Skip

Right before you hit
March 19, 2001 5:25 PM   Subscribe

Right before you hit you were doing... Looks like we're all getting black boxes in our cars. As a high speed crash survivor I have to admit a certain curiosity as to the forces involved my accident happened. But I'm not sure I want to know this badly...
posted by daver (10 comments total)

 
I'm thinking this has fairly major implications for auto insurance companies and police departments, and of course drivers. Apparently the thing only buffers the last 5 seconds of data, so it doesn't seem like this'd be a speed enforcement tool.

On the otherhand, how much are your insurance rates going to go up if you didn't even have your foot on the break when you rear ended that guy in the pinto.
posted by daver at 5:34 PM on March 19, 2001


hmm, looks like my 1984 toyota truck is looking better and better!

But really, how hard would it be to "accidently" get your black box disconnected?
posted by Hackworth at 7:24 PM on March 19, 2001


Kerr said the company’s $2,495 decoder has been used by police forces around the U.S.

Wow, sounds like this company is making a fortune. Why don't the car companies develop something that has a USB-out jack and provide some software for the police departments to put on PCs they already have instead of paying ridiculous prices to use some proprietary hardware. Wow.
posted by daveadams at 8:21 PM on March 19, 2001


A computer plus the proprietary, vertical-market software required to make use of the data would probably cost about the same anyway. And it would be far more susceptible to tampering. The data is evidence; it needs to be protected in some way.
posted by kindall at 8:33 PM on March 19, 2001


I hope they combine these things with GPS, give them long memories, and put them into every vehicle on the road.
posted by pracowity at 1:47 AM on March 20, 2001


A computer plus the proprietary, vertical-market software required to make use of the data would probably cost about the same anyway.

Well, see, though, they already have computers. That was my point. And the car companies may as well provide the interpretation software to the police departments for free (well, I can see a hundred reasons why maybe they wouldn't...).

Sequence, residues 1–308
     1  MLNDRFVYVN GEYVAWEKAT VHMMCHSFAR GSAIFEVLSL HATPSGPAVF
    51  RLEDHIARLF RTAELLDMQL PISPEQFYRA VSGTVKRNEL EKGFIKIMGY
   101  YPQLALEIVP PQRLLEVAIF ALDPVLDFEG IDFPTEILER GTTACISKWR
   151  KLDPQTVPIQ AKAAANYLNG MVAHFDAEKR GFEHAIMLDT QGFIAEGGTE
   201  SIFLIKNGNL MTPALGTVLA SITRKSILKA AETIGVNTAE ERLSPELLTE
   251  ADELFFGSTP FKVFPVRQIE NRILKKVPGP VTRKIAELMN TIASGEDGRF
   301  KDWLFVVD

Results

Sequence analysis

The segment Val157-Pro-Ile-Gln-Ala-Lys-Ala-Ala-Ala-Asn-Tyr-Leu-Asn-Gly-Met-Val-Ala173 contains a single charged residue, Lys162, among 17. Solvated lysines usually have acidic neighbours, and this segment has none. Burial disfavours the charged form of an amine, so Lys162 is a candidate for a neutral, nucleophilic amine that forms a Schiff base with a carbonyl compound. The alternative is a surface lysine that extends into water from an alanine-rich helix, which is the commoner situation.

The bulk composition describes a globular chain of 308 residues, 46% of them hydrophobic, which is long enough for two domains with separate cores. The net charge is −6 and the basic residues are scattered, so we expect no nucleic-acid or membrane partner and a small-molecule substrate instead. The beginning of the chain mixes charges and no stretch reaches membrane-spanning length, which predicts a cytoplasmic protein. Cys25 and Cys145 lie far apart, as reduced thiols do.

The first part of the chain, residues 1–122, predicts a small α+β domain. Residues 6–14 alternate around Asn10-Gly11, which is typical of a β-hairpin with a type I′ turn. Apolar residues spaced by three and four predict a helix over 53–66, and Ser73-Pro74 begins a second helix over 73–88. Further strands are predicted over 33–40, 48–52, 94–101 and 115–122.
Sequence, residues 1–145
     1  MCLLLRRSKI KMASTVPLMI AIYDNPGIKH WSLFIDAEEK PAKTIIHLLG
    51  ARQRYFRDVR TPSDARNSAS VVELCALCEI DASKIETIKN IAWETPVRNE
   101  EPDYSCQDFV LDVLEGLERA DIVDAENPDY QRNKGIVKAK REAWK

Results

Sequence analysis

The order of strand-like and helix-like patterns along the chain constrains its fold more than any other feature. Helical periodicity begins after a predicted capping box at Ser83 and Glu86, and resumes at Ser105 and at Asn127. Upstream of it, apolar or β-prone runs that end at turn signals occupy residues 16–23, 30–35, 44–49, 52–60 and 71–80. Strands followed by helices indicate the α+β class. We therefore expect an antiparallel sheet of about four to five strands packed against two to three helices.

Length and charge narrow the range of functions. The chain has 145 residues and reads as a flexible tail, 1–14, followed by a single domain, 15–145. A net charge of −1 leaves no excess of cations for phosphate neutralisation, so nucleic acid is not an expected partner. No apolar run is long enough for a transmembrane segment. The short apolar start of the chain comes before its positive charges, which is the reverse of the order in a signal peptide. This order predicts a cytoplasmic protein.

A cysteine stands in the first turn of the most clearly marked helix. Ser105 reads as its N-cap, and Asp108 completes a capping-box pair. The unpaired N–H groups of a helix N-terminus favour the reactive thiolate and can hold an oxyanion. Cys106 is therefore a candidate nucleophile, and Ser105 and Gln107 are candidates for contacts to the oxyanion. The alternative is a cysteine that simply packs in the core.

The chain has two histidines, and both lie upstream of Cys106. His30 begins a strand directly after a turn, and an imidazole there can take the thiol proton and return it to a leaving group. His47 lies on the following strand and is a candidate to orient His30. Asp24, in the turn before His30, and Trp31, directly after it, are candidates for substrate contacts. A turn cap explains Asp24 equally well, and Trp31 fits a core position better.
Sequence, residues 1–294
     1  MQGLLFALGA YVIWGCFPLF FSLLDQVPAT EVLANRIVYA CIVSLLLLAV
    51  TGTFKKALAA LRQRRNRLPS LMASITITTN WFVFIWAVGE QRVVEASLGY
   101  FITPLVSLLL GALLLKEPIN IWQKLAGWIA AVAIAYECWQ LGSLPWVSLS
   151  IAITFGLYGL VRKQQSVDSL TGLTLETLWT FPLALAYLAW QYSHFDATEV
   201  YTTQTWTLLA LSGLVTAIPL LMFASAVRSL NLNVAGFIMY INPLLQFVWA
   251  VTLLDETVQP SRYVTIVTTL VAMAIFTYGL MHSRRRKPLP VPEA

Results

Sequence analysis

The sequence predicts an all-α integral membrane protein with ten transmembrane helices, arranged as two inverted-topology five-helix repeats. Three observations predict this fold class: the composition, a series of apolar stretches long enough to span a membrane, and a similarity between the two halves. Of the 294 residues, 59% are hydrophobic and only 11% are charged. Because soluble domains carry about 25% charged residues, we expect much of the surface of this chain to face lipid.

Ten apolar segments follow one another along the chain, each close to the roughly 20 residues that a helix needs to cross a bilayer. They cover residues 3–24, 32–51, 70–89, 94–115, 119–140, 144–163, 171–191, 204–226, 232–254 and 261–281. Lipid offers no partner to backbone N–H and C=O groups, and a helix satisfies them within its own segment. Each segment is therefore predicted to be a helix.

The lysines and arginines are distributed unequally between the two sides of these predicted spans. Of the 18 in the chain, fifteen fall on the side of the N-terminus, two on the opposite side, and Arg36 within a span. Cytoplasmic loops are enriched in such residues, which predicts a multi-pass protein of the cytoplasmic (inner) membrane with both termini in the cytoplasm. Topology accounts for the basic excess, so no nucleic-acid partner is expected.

it would be far more susceptible to tampering. The data is evidence; it needs to be protected in some way.

This is a good argument, too good for my original whine. So you win. Good job, kindall. Of course, if generic computers start coming with CPRM built in to every component, maybe they would be able to keep the data securely. ;)
posted by daveadams at 7:52 AM on March 20, 2001


Software manufacturers, music publishers, and other copyright-based entities have long had an attitude that "we own the stuff, we're just letting you use it". This recording device sounds like a move in that direction for auto manufacturers: they don't trust me to drive my own car safely, so they're going to put an electronic nanny in it just in case.

Hmmm... I wonder how long I can keep my '86 Suzuki going?

-Mars
posted by Mars Saxman at 3:05 PM on March 20, 2001


> I wonder how long I can keep my '86 Suzuki going?

They could require you to retrofit the device in any vehicle driven on public roads.
posted by pracowity at 10:54 PM on March 20, 2001


They could, but given that they don't require old vehicles to be retrofitted with shoulder belts, airbags, or even catalytic converters, they probably won't.
posted by kindall at 11:32 PM on March 20, 2001


But you might retrofit it if it meant your insurance would fall to almost zero.
posted by pracowity at 2:24 AM on March 25, 2001


« Older Hailstorm!   |   Girl excluded from school for... Newer »


This thread has been archived and is closed to new comments



Post